“When I lifted my eyes to see the way I had come, I at last saw the whole of Matera, in the form of a slanting wall. From here it seemed almost like a real town. The facades of the caves were like a row of white houses; the holes of the doorways stared at me like black eyes. The town is indeed a beautiful one, picturesque and striking.” 

At this point in Christ Stopped at Eboli, Levi is really only able to understand the beauty from a distance. He is an onlooker into something he appreciates but does not understand. It seems at this point that the writer could be falling into the same trap that Christ Stopped at Eboli tries to break with regards to the “southern question,” or the issue of the extreme poverty and social difference in the south compared to the north of Italy. Here he seems to be framing Matera with the same exoticism that many northerners use to speak of the South, but it is through the course of the memoir that Levi starts to become genuinely closer with the people of Lucania. 

Rosi’s film never quite reaches the same emotional closeness as Levi’s book. The image glides between careful compositions and breathtaking landscape shots, but when it gets in close it is only what can be externalized: Words, faces, expressions. Simultaneously the most beautiful and devastating sequence in the film is when the war in Abyssinia is announced to be ending. Uncharacteristically, the speech is given in voiceover, as if heard from an imaginary, godly radio, while the camera soars past rolling hills with peasants paused in their work as they look up at the sound of church bells. They are frozen in time, toiling away at the same thing they have done for thousands of years as the world has left them behind, imagining a new empire while they have forgotten about the real people in their own borders. 

There is always a distance in Rosi’s film, from how far the camera is shooting to how much he allows us to get inside Levi’s head. In the TV cut, there is a constant reframing towards the present by having the credits run over one of Levi’s paintings, a peasant child with deep black eyes looking back over their shoulder. The prologue suggests that this is an image that Levi himself is caught pondering, leaving us to ponder the image repeatedly with every successive hour—the viewer is asked to look back on Levi’s memories the same way that he does. Whereas Christ Stopped at Eboli the book is Levi’s treatise on Italy’s problems and revelations towards a new solution, Rosi’s film is an invitation to participate in that process.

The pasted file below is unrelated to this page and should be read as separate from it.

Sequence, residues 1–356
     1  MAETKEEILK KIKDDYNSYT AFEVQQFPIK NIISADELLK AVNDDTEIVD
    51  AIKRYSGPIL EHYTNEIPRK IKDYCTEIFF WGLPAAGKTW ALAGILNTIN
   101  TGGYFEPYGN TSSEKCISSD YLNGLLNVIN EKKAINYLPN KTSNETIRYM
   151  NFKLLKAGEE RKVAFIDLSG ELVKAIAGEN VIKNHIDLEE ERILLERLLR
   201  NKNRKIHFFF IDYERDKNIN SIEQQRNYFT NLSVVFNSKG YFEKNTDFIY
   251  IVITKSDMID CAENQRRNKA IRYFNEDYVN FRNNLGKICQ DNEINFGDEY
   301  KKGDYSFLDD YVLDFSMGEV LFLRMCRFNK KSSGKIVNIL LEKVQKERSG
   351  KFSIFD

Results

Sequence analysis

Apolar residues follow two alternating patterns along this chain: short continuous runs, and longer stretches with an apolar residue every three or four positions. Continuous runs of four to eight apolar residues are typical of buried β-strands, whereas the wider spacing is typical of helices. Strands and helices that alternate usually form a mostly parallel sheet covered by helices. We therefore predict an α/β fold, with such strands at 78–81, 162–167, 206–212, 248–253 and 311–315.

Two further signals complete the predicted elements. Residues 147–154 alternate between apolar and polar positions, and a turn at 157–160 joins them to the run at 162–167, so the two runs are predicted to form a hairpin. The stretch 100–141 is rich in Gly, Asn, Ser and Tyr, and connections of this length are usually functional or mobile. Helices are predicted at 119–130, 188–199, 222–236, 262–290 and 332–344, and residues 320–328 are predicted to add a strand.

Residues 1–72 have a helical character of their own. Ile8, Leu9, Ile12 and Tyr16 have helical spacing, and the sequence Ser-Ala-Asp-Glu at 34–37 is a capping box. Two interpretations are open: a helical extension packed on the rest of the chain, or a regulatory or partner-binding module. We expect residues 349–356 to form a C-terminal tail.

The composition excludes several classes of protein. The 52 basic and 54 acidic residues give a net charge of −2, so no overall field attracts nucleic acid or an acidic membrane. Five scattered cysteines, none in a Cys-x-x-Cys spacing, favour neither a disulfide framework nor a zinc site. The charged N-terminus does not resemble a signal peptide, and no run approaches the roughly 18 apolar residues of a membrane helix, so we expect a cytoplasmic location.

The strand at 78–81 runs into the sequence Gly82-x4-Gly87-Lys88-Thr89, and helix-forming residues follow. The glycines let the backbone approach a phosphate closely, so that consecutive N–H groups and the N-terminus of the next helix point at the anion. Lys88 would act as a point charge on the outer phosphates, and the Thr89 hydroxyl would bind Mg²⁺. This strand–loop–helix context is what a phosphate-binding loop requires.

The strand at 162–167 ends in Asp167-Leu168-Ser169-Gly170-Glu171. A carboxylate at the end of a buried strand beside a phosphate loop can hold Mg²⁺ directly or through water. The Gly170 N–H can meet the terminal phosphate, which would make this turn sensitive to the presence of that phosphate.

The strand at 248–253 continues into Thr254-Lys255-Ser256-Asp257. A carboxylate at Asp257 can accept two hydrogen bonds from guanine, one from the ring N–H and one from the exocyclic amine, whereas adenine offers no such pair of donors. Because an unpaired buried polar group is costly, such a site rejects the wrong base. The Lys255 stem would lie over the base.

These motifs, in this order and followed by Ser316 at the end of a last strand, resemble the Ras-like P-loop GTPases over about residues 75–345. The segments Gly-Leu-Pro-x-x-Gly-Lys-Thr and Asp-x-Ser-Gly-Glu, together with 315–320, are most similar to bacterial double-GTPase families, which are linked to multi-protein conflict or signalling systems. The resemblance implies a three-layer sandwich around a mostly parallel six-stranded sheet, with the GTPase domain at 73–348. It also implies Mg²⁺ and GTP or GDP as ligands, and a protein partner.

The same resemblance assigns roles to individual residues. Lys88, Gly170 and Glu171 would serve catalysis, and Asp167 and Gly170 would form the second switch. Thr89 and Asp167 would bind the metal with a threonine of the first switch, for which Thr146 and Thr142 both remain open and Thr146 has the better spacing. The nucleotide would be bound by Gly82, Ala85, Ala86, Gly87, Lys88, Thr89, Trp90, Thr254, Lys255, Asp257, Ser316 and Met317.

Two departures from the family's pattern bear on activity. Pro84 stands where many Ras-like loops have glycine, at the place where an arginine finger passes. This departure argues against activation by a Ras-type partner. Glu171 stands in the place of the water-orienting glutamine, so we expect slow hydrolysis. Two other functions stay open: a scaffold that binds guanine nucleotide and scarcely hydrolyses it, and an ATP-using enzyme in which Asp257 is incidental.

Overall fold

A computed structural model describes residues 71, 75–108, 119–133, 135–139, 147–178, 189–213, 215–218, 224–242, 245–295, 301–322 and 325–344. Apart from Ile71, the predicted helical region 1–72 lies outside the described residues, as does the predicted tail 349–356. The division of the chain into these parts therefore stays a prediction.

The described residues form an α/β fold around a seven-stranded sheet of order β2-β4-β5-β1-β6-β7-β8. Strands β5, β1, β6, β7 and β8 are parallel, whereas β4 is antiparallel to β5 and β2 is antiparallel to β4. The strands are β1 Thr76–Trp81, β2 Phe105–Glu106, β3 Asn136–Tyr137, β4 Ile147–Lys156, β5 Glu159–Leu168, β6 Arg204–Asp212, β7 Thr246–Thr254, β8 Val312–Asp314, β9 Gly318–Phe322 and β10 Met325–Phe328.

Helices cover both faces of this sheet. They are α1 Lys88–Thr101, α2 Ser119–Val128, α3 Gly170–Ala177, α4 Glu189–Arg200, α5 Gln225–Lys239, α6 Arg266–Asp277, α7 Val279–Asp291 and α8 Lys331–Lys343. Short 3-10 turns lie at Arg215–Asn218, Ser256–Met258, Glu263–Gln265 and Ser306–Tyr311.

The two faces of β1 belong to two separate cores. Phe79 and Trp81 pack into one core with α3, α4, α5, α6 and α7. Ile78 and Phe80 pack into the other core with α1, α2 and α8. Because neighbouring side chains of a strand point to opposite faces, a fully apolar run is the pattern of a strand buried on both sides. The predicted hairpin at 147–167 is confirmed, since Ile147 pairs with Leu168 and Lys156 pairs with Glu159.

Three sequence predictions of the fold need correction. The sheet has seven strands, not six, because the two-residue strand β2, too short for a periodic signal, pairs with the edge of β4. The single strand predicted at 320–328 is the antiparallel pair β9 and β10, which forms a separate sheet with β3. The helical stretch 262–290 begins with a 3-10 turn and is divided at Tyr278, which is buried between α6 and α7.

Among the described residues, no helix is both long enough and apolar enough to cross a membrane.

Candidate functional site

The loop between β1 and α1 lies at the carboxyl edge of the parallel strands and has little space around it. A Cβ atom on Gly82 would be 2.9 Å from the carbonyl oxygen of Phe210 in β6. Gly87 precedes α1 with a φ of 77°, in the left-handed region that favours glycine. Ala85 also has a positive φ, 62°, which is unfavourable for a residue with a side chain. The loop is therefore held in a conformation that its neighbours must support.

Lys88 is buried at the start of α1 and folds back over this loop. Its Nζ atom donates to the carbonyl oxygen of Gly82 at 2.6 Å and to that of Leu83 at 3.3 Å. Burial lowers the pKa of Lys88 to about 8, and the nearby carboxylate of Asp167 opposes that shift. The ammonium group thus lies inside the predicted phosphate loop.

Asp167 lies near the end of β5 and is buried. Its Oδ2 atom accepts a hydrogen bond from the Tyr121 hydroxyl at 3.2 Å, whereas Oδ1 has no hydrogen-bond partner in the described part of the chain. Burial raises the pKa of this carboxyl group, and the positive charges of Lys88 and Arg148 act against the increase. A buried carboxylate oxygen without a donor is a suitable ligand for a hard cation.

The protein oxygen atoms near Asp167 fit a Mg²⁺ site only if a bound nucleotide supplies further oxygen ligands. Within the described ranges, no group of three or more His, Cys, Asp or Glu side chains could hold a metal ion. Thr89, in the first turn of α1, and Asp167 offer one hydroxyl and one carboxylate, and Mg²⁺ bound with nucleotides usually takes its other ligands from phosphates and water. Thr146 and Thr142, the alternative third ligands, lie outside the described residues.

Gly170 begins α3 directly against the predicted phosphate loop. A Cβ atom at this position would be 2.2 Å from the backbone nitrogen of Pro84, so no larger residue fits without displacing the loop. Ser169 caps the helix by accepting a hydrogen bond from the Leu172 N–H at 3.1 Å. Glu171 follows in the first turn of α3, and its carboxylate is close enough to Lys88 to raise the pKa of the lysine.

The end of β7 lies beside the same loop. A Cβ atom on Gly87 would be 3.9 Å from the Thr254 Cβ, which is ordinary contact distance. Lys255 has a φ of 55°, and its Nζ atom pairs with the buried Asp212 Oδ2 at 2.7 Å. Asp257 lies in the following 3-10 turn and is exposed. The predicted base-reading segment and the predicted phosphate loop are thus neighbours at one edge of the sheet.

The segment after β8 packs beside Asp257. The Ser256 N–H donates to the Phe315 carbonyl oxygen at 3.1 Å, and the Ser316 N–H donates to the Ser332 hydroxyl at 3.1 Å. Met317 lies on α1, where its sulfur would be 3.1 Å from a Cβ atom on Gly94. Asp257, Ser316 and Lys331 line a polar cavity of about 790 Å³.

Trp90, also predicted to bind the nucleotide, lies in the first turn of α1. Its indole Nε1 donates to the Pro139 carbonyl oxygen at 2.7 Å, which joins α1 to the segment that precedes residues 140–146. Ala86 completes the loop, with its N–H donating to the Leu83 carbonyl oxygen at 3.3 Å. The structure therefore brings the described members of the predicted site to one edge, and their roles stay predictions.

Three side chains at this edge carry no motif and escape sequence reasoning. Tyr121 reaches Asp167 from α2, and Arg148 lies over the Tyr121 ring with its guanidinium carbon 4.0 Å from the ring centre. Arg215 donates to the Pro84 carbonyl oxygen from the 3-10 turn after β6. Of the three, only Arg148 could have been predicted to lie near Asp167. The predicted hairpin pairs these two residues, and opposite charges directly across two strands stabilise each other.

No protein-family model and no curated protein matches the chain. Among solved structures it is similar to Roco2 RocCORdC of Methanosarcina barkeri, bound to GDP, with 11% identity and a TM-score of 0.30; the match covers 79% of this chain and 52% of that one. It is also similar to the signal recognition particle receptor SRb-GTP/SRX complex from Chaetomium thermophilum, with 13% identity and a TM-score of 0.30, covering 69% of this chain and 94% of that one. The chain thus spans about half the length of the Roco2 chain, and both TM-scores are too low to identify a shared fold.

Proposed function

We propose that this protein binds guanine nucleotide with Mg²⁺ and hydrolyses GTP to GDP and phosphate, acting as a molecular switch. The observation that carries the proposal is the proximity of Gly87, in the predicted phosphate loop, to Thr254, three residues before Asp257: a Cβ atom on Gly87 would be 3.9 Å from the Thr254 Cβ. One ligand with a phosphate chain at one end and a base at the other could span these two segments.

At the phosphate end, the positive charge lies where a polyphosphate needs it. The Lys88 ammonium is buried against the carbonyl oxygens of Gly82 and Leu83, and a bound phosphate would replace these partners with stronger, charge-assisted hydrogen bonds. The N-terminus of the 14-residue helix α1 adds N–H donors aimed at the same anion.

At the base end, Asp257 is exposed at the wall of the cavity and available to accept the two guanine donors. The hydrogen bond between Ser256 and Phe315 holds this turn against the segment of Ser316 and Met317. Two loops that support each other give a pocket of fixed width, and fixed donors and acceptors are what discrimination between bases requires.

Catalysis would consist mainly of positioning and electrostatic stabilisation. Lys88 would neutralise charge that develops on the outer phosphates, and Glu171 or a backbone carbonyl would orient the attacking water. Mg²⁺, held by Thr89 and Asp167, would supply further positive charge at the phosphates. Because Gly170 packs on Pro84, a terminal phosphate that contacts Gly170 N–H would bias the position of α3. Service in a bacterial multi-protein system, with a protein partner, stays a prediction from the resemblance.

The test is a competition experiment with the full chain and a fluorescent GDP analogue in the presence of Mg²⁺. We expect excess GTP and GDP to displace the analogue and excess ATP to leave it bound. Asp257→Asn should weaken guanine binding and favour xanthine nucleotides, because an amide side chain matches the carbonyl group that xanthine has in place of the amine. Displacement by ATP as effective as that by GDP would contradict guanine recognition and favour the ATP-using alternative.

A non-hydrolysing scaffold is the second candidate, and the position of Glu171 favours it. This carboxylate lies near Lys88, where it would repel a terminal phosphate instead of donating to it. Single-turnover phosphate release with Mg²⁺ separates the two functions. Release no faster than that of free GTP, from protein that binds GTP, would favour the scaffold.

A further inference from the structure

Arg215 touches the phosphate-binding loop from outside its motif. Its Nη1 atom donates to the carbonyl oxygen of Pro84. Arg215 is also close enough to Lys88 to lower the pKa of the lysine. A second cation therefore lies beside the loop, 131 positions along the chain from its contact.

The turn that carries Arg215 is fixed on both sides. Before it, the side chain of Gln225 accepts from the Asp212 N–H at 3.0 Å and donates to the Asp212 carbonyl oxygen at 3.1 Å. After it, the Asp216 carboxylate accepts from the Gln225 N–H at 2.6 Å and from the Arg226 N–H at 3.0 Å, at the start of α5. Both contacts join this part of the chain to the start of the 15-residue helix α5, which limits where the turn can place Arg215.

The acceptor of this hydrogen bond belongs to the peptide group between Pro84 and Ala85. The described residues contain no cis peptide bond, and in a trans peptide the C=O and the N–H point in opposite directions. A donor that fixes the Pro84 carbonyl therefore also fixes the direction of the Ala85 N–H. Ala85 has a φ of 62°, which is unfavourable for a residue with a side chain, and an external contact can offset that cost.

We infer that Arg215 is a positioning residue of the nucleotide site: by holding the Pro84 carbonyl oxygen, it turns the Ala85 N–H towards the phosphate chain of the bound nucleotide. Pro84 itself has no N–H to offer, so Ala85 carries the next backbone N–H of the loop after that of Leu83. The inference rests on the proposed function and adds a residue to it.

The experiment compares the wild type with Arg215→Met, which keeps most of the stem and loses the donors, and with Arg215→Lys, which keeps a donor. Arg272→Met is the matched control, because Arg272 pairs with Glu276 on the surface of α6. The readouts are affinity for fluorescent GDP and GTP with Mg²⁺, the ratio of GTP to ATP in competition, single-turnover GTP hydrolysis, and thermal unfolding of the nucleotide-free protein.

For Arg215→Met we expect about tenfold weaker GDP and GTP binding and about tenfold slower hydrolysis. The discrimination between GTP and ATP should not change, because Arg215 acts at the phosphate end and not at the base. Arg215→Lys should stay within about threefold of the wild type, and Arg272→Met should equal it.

Christ Stopped at Eboli ends in an epilogue in Turin. It’s 1937, and the dissidents have returned home. Here, like in the book, we get Levi’s conclusion on what is needed, and his final dissatisfaction with the others in the opposition. The dialogue in his head becomes a literal conversation between intellectuals, with the usual paternalistic ideas of socialism deriving from the state as being the solution to the “problem of the South.” Levi interjects that the state is the issue, has always been the issue, and that to dismantle the problems of Italy they need to throw away these old ideas of governance, which are the same hierarchies between the local petit bourgeois and the peasants as the citizens are to the government: “The name of this way out is autonomy.” Levi explains the “organic federation,” the radical ground-up approach he believes is necessary for people to liberate themselves—not one unifying hegemony, but many collectives. “The autonomy or self-government of the community cannot exist without the autonomy of the factory, the school, and the city, of every form of social life. This is what I learned from a year of life underground.”

Released right at the end of WWII, Levi’s book pushed the “southern question” back into the forefront of post-fascist politics. It was not a problem that would be solved. As time went on, Levi’s observation of both the left and right’s obsession with the state felt more and more prescient. When Rosi’s adaptation was released in 1979, Italy was in the darkest days of the Years of Lead, that era of extreme political violence from the furthest wings of both left and right (not even a year earlier was Aldo Moro abducted and assassinated by the Red Brigades). Both versions of Christ Stopped at Eboli are a call to reframe the question, and in Rosi’s conclusion he lets Levi speak for himself, stressing the importance of some words ringing true through the decades but not listened to closely enough. It reveals both a political alignment of the two artists, as well as the trick Rosi has been playing throughout the entire film: The act of adaptation is a heightening. The way Rosi’s camera wanders the landscape, seemingly losing itself in thought, makes the long, interspersed conversation sequences seem all the more important. Often the dialogues are not centered on Levi, he is mostly listening to the others speak; in the film, the author of the book gets the final word.


Alex Lei is writer and filmmaker currently based in Baltimore. He can usually be found on Twitter.